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StartEngine Fees Explained 2021: How Does StartEngine Make Money?

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StartEngine is one of the largest startup investing platforms offering hundreds of different startups at any given time. With a broad range of companies to choose from, investors are able to find startups from nearly any industry or sector.

The StartEngine platform leverages the power of crowdfunding in order to make investing in startups available to the masses. As a result, non-accredited and accredited investors alike can use the service.

Minimum investments also start as low as $99 serving to make the platform even more attractive to newer investors.

To learn more about StartEngine, read our full StartEngine review.

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How Does StartEngine Make Money?

Unlike many other startup investing platforms, StartEngine does not make money by charging fees to investors. This allows them to create a free service for investors to take advantage of.

Instead of charging fees to investors, companies that raise money on StartEngine will need to pay a number of fees. This allows StartEngine to continue to operate and provide one of the best Startup investing platforms on the market.

Investors should keep in mind that just because they are not footing the bill directly, the fees still impact them. This is because the companies raising money on StartEngine will factor these costs into their fundraising. As a result, it’s likely that a portion of your investment will still go towards some of these fees.

StartEngine Fees Explained

For startups, there are a variety of fees that may apply when raising money on StartEngine. These include fees that are paid in cash as well as fees that are paid in equity.

StartEngine is upfront about all of the fees investors will pay and so investors will not have to worry about any hidden fees or costs.

1. Service Fee

The first fee companies will pay when raising money on StartEngine is a 7% service fee. This fee allows StartEngine to continue to operate, market, and upgrade their platform.

Companies will pay 7% of the total fundraising amount to StartEngine once the campaign has been completed.

2. Equity Fee

In addition to the service fee, companies will also pay a 2% equity fee to StartEngine. This serves to align the interests of investors with the interests of StartEngine and provides significant upside potential for StartEngine if the company is successful.

Startups pay StartEngine 2% of the total fundraising amount in the form of equity in the company. For example, if a company raises $1,000,000 through StartEngine, they will give the platform $20,000 in equity after the campaign.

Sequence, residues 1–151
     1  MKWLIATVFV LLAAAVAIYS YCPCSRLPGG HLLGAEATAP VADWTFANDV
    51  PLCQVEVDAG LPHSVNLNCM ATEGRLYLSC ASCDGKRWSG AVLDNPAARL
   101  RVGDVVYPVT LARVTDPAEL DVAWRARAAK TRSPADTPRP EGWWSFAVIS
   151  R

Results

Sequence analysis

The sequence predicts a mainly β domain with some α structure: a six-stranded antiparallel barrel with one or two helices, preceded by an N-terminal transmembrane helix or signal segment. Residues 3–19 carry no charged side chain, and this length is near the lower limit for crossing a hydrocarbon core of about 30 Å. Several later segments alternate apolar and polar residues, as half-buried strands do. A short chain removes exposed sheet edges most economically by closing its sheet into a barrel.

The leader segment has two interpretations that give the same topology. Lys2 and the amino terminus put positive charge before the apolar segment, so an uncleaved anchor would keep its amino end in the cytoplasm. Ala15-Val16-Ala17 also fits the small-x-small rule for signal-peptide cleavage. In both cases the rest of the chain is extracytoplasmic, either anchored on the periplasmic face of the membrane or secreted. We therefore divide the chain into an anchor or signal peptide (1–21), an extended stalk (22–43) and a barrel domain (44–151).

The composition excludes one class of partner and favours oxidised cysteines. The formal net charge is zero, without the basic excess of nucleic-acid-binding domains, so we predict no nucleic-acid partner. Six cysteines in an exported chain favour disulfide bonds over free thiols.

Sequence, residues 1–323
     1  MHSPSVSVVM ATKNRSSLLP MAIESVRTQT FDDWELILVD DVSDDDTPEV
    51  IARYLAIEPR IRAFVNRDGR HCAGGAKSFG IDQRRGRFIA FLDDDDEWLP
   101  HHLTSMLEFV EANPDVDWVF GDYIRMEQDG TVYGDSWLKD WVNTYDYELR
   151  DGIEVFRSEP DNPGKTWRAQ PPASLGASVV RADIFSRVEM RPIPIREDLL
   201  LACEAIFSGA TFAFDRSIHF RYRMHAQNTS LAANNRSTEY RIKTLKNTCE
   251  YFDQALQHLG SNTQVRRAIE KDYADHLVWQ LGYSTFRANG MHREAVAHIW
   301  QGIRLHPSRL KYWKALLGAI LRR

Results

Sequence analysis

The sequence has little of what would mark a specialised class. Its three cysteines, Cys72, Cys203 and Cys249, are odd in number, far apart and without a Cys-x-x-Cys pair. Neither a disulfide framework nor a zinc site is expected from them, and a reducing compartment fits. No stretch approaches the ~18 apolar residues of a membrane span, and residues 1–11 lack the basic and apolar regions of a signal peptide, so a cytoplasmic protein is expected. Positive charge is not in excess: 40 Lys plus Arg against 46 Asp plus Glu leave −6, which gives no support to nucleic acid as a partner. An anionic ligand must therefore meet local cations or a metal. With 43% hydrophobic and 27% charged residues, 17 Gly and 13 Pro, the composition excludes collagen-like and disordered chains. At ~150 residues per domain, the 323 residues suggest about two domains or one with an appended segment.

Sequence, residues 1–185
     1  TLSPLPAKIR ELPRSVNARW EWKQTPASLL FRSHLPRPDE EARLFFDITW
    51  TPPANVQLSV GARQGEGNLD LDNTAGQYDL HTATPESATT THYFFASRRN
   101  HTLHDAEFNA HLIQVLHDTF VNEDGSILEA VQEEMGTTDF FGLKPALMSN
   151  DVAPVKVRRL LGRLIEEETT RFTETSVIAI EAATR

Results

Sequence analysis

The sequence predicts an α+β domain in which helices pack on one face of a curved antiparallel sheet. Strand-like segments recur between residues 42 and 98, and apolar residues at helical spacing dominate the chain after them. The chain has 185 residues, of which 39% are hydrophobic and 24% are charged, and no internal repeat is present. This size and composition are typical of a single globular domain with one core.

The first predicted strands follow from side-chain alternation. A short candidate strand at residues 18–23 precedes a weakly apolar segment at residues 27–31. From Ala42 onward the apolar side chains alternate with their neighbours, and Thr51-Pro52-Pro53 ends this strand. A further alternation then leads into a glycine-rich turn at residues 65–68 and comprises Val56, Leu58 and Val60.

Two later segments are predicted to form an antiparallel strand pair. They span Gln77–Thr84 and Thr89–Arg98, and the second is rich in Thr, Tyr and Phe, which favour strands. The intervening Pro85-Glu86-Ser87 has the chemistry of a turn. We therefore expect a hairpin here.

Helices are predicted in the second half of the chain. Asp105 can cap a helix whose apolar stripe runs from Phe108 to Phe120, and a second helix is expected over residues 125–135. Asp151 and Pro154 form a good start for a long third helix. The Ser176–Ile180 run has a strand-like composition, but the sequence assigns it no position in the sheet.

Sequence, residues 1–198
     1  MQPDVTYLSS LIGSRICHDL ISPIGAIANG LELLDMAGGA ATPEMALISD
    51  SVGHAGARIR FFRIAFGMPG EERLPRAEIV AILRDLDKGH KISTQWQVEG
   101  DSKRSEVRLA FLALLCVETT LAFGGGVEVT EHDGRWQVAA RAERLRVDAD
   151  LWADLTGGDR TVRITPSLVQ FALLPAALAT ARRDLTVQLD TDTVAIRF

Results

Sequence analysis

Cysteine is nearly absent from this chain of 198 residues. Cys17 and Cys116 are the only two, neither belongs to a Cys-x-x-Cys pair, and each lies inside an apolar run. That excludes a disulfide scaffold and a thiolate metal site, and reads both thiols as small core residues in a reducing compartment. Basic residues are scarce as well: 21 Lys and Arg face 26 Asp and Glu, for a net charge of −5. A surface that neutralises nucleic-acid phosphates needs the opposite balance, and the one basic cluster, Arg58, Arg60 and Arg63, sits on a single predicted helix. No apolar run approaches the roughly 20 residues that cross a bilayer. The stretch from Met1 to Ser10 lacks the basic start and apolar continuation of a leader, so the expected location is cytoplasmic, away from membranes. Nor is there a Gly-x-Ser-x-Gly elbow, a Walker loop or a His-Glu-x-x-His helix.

3. Deferred Revenue

On top of both the service fee and the equity fee, startups will pay an additional $10,000 in deferred revenue. This amount is collected when the offering is completed and also goes to support the operations of StartEngine.

StartEngine Active Offerings

What If The Startup Doesn’t Reach Their Goal?

Startups are only required to pay these fees to StartEngine if they successfully complete a funding round on the platform. If a startup does not reach their funding goal, no fees are paid.

For example, if a startup attempts to raise $2 million on StartEngine and only raises $1.5 million by the time the campaign ends, they will not pay any fees to StartEngine.

Additionally, all capital will be returned to investors and the investment will not go through. This is similar to most other crowdfunding platforms. If the goal is not met, the project is not funded.

StartEngine Fees: Final Thoughts

Even though investors do not directly foot the bill for any of StartEngine’s fees, it’s important that they keep these costs in mind when investing. Because the companies will be factoring these costs into their fundraise, some of investor’s capital will go towards these fees.

Compared to other startup investing platforms, StartEngine’s fees are slightly on the higher side. While this may dissuade some from using the platform, others may feel they are well worth it. This is because they are one of the most well-established startup crowdfunding platforms and provide a network of over 500,000 investors for companies to raise money from.

Although some platforms may offer lower fees, they likely do not offer many of the resources and connections that StartEngine does.

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